N2 - Background: The safe duration of warm ischemia during partial nephrectomy (PN) remains controversial. Objective: To compare the short- and long-term renal effects of warm ischemia versus no ischemia in patients with a solitary kidney. Design, setting, and participants: Using the Cleveland Clinic and Mayo Clinic databases, we identified 458 patients who underwent open (n = 411) or laparoscopic (n = 47) PN for a renal mass in a solitary kidney between 1990 and 2008. Patients treated with cold ischemia were excluded. Measurements: Associations of ischemia type (none vs warm) with short- and long-term renal function were evaluated using logistic or Cox regression models. Results and limitations: No ischemia was used in 96 patients (21%), while 362 patients (79%) had a median of 21 min (range: 4-55) of warm ischemia. Patients treated with warm ischemia had a significantly higher preoperative glomerular filtration rate (GFR; median: 61 ml/min per 1.73 m2 vs 54 ml/min per 1.73 m 2; p < 0.001) and larger tumors (median: 3.4 cm vs 2.5 cm; p < 0.001) compared with patients treated with no ischemia. Warm ischemia patients were significantly more likely to develop acute renal failure (odds ratio [OR]: 2.1; p = 0.044) and a GFR <15 ml/min per 1.73 m2 in the postoperative period (OR: 4.2; p = 0.007) compared with patients who did not have hilar clamping. Among the 297 patients with a preoperative GFR ≥30 ml/min per 1.73 m2, patients with warm ischemia were significantly more likely to develop new-onset stage IV chronic kidney disease (hazard ratio: 2.3; p = 0.028) during a mean follow-up of 3.3 yr. Similar results were obtained adjusting for preoperative GFR, tumor size, and type of PN in a multivariable analysis. Limitations include surgeon selection bias when determining type of ischemia. Conclusions: Warm ischemia during PN is associated with adverse renal consequences. Although selection bias is present, PN without ischemia should be used when technically feasible in patients with a solitary kidney.

AB - Background: The safe duration of warm ischemia during partial nephrectomy (PN) remains controversial. Objective: To compare the short- and long-term renal effects of warm ischemia versus no ischemia in patients with a solitary kidney. Design, setting, and participants: Using the Cleveland Clinic and Mayo Clinic databases, we identified 458 patients who underwent open (n = 411) or laparoscopic (n = 47) PN for a renal mass in a solitary kidney between 1990 and 2008. Patients treated with cold ischemia were excluded. Measurements: Associations of ischemia type (none vs warm) with short- and long-term renal function were evaluated using logistic or Cox regression models. Results and limitations: No ischemia was used in 96 patients (21%), while 362 patients (79%) had a median of 21 min (range: 4-55) of warm ischemia. Patients treated with warm ischemia had a significantly higher preoperative glomerular filtration rate (GFR; median: 61 ml/min per 1.73 m2 vs 54 ml/min per 1.73 m 2; p < 0.001) and larger tumors (median: 3.4 cm vs 2.5 cm; p < 0.001) compared with patients treated with no ischemia. Warm ischemia patients were significantly more likely to develop acute renal failure (odds ratio [OR]: 2.1; p = 0.044) and a GFR <15 ml/min per 1.73 m2 in the postoperative period (OR: 4.2; p = 0.007) compared with patients who did not have hilar clamping. Among the 297 patients with a preoperative GFR ≥30 ml/min per 1.73 m2, patients with warm ischemia were significantly more likely to develop new-onset stage IV chronic kidney disease (hazard ratio: 2.3; p = 0.028) during a mean follow-up of 3.3 yr. Similar results were obtained adjusting for preoperative GFR, tumor size, and type of PN in a multivariable analysis. Limitations include surgeon selection bias when determining type of ischemia. Conclusions: Warm ischemia during PN is associated with adverse renal consequences. Although selection bias is present, PN without ischemia should be used when technically feasible in patients with a solitary kidney.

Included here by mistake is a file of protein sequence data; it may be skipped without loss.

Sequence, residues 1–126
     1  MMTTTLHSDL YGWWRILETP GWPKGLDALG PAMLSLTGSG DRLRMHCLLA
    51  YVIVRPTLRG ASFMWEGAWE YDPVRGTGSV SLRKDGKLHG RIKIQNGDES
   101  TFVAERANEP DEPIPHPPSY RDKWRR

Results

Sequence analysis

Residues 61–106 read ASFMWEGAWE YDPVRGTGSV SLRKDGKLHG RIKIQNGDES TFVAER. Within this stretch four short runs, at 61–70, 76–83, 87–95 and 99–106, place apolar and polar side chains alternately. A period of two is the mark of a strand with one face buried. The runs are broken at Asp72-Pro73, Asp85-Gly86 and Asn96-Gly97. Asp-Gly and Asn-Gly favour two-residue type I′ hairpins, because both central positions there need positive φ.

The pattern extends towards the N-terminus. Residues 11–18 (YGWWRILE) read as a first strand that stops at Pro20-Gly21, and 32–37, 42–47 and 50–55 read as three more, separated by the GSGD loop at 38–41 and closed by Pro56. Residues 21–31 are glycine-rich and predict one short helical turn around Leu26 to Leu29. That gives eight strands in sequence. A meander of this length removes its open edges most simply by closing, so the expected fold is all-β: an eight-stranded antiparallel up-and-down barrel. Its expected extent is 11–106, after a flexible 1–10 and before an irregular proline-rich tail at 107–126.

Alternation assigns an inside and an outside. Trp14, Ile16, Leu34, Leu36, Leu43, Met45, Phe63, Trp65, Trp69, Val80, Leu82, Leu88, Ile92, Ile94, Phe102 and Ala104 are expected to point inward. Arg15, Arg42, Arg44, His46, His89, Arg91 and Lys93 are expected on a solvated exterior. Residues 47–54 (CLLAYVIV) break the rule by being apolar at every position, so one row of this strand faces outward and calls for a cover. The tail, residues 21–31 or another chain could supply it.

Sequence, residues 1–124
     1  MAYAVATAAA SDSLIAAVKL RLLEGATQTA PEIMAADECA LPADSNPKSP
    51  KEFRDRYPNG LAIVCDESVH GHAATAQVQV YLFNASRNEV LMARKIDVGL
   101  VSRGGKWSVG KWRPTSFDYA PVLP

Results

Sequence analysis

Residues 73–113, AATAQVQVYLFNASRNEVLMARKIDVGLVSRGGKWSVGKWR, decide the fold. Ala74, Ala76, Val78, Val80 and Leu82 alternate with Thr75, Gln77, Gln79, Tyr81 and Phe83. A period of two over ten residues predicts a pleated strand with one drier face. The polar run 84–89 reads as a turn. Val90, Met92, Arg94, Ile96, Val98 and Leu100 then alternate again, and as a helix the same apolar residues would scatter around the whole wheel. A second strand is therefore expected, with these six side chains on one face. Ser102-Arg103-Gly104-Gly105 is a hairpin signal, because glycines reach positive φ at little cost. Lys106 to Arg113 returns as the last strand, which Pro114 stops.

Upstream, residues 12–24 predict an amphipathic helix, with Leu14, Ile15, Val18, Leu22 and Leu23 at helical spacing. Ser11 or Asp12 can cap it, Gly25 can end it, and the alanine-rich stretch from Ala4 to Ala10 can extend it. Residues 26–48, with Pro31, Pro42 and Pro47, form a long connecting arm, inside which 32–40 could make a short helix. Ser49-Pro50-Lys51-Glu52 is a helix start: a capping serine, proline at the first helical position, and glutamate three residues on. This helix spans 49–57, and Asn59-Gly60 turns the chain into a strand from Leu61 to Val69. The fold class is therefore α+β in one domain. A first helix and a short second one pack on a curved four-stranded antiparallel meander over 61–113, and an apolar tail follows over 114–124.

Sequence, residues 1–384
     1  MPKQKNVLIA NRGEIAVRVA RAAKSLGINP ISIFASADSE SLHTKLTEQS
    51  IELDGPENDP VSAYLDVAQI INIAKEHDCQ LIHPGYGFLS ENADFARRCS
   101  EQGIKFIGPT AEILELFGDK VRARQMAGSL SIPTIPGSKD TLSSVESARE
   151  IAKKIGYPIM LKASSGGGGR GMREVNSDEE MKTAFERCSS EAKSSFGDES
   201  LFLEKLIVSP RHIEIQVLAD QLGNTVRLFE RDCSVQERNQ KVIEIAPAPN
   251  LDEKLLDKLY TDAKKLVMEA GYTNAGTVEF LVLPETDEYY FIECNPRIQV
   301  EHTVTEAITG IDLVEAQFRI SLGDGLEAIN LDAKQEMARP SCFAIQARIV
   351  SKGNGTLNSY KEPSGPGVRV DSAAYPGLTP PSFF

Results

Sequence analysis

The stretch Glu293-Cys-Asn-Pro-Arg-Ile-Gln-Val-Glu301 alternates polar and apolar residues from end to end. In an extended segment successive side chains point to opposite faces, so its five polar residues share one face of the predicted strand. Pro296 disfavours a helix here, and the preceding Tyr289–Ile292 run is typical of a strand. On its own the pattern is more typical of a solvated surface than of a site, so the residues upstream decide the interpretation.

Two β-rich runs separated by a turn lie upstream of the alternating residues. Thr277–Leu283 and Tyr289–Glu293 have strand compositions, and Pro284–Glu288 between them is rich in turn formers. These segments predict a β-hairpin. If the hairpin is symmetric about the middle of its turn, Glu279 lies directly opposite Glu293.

KW - Ischemia

KW - Kidney neoplasms

KW - Nephrectomy

KW - Postoperative complications

KW - Warm ischemia

UR - http://www.scopus.com/inward/record.url?scp=77955518229&partnerID=8YFLogxK

UR - http://www.scopus.com/inward/citedby.url?scp=77955518229&partnerID=8YFLogxK

U2 - 10.1016/j.eururo.2010.05.048

DO - 10.1016/j.eururo.2010.05.048

M3 - Article

C2 - 20557996

AN - SCOPUS:77955518229

VL - 58

SP - 331

EP - 336

JO - European Urology

JF - European Urology

SN - 0302-2838

IS - 3

ER -